Our study has several limitations. The instrument was limited by the lack of previously validated questions, methods, or measures of the elements of our conceptual model of professionalism education. To address this concern, we pilot-tested the instrument to ensure that the items measured the intended domains of professionalism training. Second, because no evidence-based list of experiences known to foster learning in professionalism is available, we compiled our own list for the survey. This list may facilitate curricular development and can guide future research about professionalism education. Third, the lack of availability of demographic data about nonresponding program directors hindered our ability to evaluate the generalizability of our findings. Fourth, in some cases, the program director may not be the individual who is the most knowledgeable about this topic within the program. In addition, programs may have updated their strategies for teaching and evaluating professionalism since the survey was conducted. Finally, the survey relies on self-reporting and is subject to bias.
Our data indicate that providing educational experiences to teach professionalism and adequately evaluating professionalism remain significant challenges in GME.
Our findings of a paucity of formal curricula and experiential learning to foster professionalism reinforces concerns that the teaching of professionalism is increasingly complex6 and that medical educators feel limited in their abilities to effectively teach this content.15 Our data show that many program directors do not consider themselves successful at fulfilling the professionalism competency.
Our study also sheds light on the evaluation of professionalism in the context of the ACGME requirement for evaluating the competencies and efforts to improve the quality of evaluations.16 Program leaders may benefit from additional training in implementing instruments to evaluate professionalism and interpreting data derived from them. The American Board of Pediatrics has developed an instrument for the assessment of professionalism,22 and the experience of educators in other specialties may be useful for pediatric program directors. For example, 360-degree global rating evaluations (multisource feedback) have demonstrated validity and reliability in various practice settings, indicating that they may have more potential value than our respondents perceive.17,18 The mini-clinical evaluation exercise (mini-CEX), a direct observation technique that has been recommended by medical educators in internal medicine,19,20 may prove valuable as well. Finally, the development of new instruments may yield additional strategies for evaluating professionalism.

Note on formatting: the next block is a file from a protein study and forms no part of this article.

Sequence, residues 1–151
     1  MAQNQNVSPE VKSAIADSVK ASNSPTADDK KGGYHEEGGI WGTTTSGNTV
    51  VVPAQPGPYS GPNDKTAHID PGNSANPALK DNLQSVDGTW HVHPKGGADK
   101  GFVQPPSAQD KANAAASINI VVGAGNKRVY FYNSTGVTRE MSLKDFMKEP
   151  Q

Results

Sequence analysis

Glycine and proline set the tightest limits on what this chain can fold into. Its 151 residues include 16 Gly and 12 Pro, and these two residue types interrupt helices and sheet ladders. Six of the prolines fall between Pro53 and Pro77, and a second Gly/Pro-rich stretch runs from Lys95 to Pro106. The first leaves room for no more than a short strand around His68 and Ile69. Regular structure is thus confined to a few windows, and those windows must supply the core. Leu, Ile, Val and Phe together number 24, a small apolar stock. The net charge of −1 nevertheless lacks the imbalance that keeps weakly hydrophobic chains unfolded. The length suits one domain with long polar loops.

Jennifer C. Kesselheim, MD, MBE, MEd, is faculty at the Department of Pediatric Oncology, Dana-Farber Cancer Institute, and the Department of Medicine, Children’s Hospital, Boston, MA; Theodore C. Sectish, MD, is faculty at the Department of Medicine, Children's Hospital, Boston, MA; Steven Joffe, MD, MPH, is faculty at the Department of Pediatric Oncology, Dana-Farber Cancer Institute, and the Department of Medicine, Children’s Hospital, Boston, MA.
Funding: The authors report no external funding source for this study.